Great Horned Owlet #17-0363

Admission Date: 
April 4, 2017
Location of Rescue: 
Mechanicsville
Cause of Admission / Condition: 
Unable to be renested
Prognosis: 
Good
Patient Status: 
Current Patient

On March 29, a Great Horned owlet was found in Mechanicsville on the ground -- the owlet was below a nest that was 100 feet up in the tree.  The rescuer attempted to re-nest the owl, but the nest was too high to easily reach. The rescuer also tried to make a secondary nest for the owlet (in hopes that the parents would find the baby and continue to care for it), but the effort proved unsuccessful. The bird was then brought to a rehabilitator, who transferred the owlet to the Center.

Upon examination by the Center's veterinary team, owlet #17-0363 was bright, alert, and feisty.  The physical exam did not reveal any injuries, although the bird was very thin.  Radiographs showed food within its gastrointestinal tract, indicating the owlet had been eating. 

Overall, the owlet appeared to be healthy  and was transferred to the rehabilitation team for continued care. On April 10, the rehabilitation staff introduced the owlet to the Center's surrogate Great Horned Owl, Papa G’Ho.  Papa G’Ho will teach the baby the necessary skills and behaviors to successfully grow up and be released.  The owlet will spend days in the pen with Papa and nights inside the Center until it acclimates; the owlet will eventually stay with Papa full time in an outdoor enclosure.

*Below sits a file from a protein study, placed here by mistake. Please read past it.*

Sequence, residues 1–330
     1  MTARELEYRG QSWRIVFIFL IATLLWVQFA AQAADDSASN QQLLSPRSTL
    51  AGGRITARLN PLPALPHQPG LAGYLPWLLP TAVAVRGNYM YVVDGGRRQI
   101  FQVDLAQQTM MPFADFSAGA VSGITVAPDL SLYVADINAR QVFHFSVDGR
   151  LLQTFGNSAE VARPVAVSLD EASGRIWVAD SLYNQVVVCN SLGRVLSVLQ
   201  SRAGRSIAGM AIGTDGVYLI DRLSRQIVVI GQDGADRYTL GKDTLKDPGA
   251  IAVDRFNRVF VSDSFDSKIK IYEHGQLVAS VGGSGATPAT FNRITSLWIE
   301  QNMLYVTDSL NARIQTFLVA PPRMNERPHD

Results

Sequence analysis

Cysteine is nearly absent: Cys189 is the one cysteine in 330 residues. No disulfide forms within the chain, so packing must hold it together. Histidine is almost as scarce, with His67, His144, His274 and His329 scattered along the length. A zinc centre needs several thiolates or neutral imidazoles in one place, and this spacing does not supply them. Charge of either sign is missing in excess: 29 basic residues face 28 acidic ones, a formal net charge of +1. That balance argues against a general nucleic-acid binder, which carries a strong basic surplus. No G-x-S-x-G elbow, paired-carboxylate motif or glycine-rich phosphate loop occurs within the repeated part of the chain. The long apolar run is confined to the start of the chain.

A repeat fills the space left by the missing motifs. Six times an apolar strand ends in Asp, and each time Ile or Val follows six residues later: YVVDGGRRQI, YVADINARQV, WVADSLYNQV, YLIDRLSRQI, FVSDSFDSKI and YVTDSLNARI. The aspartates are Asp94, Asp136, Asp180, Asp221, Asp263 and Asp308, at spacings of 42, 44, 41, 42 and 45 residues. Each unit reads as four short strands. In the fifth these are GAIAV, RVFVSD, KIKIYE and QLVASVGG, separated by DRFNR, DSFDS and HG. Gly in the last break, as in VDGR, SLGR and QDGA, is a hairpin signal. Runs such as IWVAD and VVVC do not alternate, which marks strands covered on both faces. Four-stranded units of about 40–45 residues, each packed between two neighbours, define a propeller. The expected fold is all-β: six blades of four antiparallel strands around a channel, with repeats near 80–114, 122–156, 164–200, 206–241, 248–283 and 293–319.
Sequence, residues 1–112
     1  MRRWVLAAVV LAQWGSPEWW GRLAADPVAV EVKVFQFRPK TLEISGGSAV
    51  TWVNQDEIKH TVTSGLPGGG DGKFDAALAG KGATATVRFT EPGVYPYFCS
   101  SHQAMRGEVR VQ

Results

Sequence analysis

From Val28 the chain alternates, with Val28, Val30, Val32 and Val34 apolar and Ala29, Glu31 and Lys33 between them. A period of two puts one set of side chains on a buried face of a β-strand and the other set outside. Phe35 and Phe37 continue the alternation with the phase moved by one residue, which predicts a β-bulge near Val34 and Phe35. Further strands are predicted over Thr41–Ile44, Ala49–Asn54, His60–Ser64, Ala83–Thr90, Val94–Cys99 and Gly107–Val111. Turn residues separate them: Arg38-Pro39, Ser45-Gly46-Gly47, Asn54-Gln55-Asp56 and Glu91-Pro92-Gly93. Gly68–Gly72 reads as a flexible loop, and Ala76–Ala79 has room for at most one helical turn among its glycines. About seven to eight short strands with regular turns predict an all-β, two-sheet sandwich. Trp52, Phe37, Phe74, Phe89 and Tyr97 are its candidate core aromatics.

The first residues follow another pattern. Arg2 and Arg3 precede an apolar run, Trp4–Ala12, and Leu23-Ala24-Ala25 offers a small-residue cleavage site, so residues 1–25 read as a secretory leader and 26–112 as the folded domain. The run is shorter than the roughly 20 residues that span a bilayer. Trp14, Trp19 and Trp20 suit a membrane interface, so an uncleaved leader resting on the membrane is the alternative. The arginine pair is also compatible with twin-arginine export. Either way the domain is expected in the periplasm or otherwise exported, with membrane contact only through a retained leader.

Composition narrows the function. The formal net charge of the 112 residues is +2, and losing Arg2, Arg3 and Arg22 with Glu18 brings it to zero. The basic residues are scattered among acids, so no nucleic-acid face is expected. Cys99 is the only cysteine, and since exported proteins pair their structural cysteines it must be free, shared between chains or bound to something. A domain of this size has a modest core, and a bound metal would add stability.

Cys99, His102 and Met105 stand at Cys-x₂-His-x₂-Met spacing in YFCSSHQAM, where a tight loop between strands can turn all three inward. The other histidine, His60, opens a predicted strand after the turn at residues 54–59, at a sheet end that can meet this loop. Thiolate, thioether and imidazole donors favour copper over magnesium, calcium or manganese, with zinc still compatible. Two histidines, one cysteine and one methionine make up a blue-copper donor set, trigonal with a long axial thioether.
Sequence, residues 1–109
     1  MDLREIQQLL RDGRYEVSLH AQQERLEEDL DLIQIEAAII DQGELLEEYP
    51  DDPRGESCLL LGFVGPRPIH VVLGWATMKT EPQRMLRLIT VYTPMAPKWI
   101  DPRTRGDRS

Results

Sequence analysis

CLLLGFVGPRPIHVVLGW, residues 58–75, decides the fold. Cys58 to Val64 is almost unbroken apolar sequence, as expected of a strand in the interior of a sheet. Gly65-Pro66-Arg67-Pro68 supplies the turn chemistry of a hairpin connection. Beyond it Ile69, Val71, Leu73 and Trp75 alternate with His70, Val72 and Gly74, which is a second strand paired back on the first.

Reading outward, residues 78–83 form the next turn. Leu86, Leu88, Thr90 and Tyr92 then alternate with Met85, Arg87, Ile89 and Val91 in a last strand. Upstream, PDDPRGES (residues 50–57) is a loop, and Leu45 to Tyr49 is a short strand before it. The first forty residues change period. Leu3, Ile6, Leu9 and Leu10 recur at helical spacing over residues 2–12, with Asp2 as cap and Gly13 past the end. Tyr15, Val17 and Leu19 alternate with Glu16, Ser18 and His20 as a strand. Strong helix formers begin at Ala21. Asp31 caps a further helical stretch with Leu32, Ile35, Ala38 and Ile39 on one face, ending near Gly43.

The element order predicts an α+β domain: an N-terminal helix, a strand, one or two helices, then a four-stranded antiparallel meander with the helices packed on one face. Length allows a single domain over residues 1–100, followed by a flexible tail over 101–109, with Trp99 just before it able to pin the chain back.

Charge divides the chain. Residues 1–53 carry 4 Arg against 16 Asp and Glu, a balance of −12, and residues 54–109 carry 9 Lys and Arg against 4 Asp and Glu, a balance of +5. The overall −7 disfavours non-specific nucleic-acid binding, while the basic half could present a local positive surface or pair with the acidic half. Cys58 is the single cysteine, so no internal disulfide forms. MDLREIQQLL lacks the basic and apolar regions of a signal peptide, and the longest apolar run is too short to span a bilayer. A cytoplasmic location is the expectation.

Owlet #17-0363 is Papa G’Ho’s first owlet this season!

Your donation provides for the care of this owlet, as well as many other orphaned animals at the Wildlife Center of Virginia.  Papa G’Ho is also available for sponsorship through our Caring for Critters program!

Updates

June 22, 2017

Great Horned Owlets #17-0363, #17-0885, and #17-1135 are doing well; they are flying and eating consistently on their own.

As of June 21, Papa G'Ho and his three owlets are housed together in one of the outdoor flight pens. When an appropriate, larger enclosure becomes available (likely one of the "A-pens"), the rehabilitation staff will move the four birds; the larger space will give the growing family more room and space for the young birds to practice flying.

The family will remain together until the owlets are eventually separated for individual live-prey testing in preparation for a fall release.

April 24, 2017

Owlet #17-0363 has been gaining weight and adjusting well to life with Papa G’Ho.  Papa G'Ho is teaching the owl appropriate behaviors towards humans; when humans approach, the owlets expresses dissatisfaction with snaps and hisses - just like Papa.

The bird has been out with Papa during the day, exploring the enclosure and hopping from perch to perch; at night, the owlet is in its crate where it's been offered food without any added distractions.  The young bird is not eating much of the mid-day meal now and is mostly eating everything at night, which is to be expected because owls are nocturnal.

On April 20, owlet #17-0363 weighed 1.28 kilograms, meaning the bird gained 80 grams since the last weigh-in; this weight gain means the owlet can stay out of the crate at night, as well as during the day. In two weeks, the owlet will start getting regular feet and feather checks from the veterinary team.